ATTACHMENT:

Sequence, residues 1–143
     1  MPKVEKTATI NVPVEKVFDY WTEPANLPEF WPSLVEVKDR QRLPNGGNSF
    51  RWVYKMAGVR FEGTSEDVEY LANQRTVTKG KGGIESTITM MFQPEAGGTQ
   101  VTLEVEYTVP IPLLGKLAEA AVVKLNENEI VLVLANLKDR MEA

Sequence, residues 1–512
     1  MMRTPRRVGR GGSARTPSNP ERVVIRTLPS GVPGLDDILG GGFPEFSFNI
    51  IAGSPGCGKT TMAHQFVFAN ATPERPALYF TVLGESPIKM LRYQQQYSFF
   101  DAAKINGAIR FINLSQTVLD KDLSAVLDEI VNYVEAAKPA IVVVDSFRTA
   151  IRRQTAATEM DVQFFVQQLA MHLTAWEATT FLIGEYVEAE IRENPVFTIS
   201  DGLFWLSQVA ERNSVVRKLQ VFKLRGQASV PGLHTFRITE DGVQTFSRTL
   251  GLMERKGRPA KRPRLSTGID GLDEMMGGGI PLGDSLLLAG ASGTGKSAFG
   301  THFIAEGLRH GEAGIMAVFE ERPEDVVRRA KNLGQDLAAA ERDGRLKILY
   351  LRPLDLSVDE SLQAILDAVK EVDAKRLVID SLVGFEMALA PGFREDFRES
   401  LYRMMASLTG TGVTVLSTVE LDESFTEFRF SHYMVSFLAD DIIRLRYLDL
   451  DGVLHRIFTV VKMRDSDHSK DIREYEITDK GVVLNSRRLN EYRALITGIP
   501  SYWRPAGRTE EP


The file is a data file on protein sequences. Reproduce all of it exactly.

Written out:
Sequence, residues 1–143
     1  MPKVEKTATI NVPVEKVFDY WTEPANLPEF WPSLVEVKDR QRLPNGGNSF
    51  RWVYKMAGVR FEGTSEDVEY LANQRTVTKG KGGIESTITM MFQPEAGGTQ
   101  VTLEVEYTVP IPLLGKLAEA AVVKLNENEI VLVLANLKDR MEA

Sequence, residues 1–512
     1  MMRTPRRVGR GGSARTPSNP ERVVIRTLPS GVPGLDDILG GGFPEFSFNI
    51  IAGSPGCGKT TMAHQFVFAN ATPERPALYF TVLGESPIKM LRYQQQYSFF
   101  DAAKINGAIR FINLSQTVLD KDLSAVLDEI VNYVEAAKPA IVVVDSFRTA
   151  IRRQTAATEM DVQFFVQQLA MHLTAWEATT FLIGEYVEAE IRENPVFTIS
   201  DGLFWLSQVA ERNSVVRKLQ VFKLRGQASV PGLHTFRITE DGVQTFSRTL
   251  GLMERKGRPA KRPRLSTGID GLDEMMGGGI PLGDSLLLAG ASGTGKSAFG
   301  THFIAEGLRH GEAGIMAVFE ERPEDVVRRA KNLGQDLAAA ERDGRLKILY
   351  LRPLDLSVDE SLQAILDAVK EVDAKRLVID SLVGFEMALA PGFREDFRES
   401  LYRMMASLTG TGVTVLSTVE LDESFTEFRF SHYMVSFLAD DIIRLRYLDL
   451  DGVLHRIFTV VKMRDSDHSK DIREYEITDK GVVLNSRRLN EYRALITGIP
   501  SYWRPAGRTE EP